Diagnosis of a driveability and/or emissions problems requires attention to detail and following the diagnostic procedures in the correct order. Resist the temptation to perform any repairs before performing the preliminary diagnostic steps. In many cases this will shorten diagnostic time and often cure the problem without electronic TESTING.
The proper troubleshooting procedure for these vehicles is as follows:
This is possibly the most critical step of diagnosis and should be performed immediately after retrieving any codes. A detailed examination of connectors, wiring and vacuum hoses can often lead to a repair without further diagnosis. Performance of this step relies on the skill of the technician performing it; a careful inspector will check the undersides of hoses as well as the integrity of hard-to-reach hoses blocked by the air cleaner or other component. Wiring should be checked carefully for any sign of strain, burning, crimping, or terminal pull-out from a connector. Checking connectors at components or in harnesses is required; usually, pushing them together will reveal a loose fit.
If a fault occurs intermittently, such as a loose connector pin breaking contact as the vehicle hits a bump, the ECM will note the fault as it occurs and energize the dash warning lamp. If the problem self-corrects, as with the terminal pin again making contact, the dash lamp will extinguish after 10 seconds but a code will remain stored in the computer control module's memory.
When an unexpected code appears during diagnostics, it may have been set during an intermittent failure that self-corrected; the codes are still useful in diagnosis and should not be discounted.
The fault codes and the scan tool data will lead to diagnosis and checking of a particular circuit. It is important to note that the fault code indicates a fault or loss of signal in an ECM-controlled system, not necessarily in the specific component.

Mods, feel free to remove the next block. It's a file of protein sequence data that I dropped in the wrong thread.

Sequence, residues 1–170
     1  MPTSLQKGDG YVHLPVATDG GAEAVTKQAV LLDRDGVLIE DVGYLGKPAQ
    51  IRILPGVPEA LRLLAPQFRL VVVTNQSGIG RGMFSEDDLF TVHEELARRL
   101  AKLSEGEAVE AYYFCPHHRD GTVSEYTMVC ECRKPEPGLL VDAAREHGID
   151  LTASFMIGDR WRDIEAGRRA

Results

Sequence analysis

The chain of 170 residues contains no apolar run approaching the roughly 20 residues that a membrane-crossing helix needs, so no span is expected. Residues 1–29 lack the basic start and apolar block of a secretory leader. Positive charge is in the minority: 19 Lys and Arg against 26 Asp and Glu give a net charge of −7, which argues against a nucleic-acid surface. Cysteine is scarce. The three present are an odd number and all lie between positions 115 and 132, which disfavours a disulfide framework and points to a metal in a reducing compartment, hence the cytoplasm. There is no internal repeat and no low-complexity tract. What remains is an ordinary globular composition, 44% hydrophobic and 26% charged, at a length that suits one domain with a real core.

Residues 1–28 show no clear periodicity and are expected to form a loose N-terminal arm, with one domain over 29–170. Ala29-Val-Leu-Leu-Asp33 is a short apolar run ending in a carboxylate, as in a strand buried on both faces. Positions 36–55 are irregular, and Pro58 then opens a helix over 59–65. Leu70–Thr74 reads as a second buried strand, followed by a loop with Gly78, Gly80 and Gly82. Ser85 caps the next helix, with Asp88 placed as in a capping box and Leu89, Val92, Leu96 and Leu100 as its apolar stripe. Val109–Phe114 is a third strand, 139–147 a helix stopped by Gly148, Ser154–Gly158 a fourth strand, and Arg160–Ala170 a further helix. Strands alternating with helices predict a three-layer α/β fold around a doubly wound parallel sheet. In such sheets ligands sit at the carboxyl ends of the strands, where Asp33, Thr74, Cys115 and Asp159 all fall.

Refer to the appropriate Diagnostic Code chart to determine the codes meaning. The component may then be tested following the appropriate component test procedures found in this section. If the component is OK, check the wiring for shorts or opens. Further diagnoses should be left to an experienced driveability technician.
If a code indicates the ECM to be faulty and the ECM is replaced, but does not correct the problem, one of the following may be the reason:
- There is a problem with the ECM terminal connections: The terminals may have to be removed from the connector in order to check them properly.
- The ECM or PROM is not correct for the application: The incorrect ECM or PROM may cause a malfunction and may or may not set a code.
- The problem is intermittent: This means that the problem is not present at the time the system is being checked. In this case, make a careful physical inspection of all portions of the system involved.
- Shorted solenoid, relay coil or harness: Solenoids and relays are turned on and off by the ECM using internal electronic switches called drivers. Each driver is part of a group of four called Quad-Drivers. A shorted solenoid, relay coil or harness may cause an ECM to fail, and a replacement ECM to fail when it is installed. Use a short tester, J34696, BT 8405, or equivalent, as a fast, accurate means of checking for a short circuit.
- The Programmable Read Only Memory (PROM) or MEM-CAL may be faulty: Although the PROM rarely fails, it operates as part of the ECM. Therefore, it could be the cause of the problem. Substitute a known good PROM/MEM-CAL.
- The replacement ECM may be faulty: After the ECM is replaced, the system should be rechecked for proper operation. If the diagnostic code again indicates the ECM is the problem, substitute a known good ECM. Although this is a very rare condition, it could happen.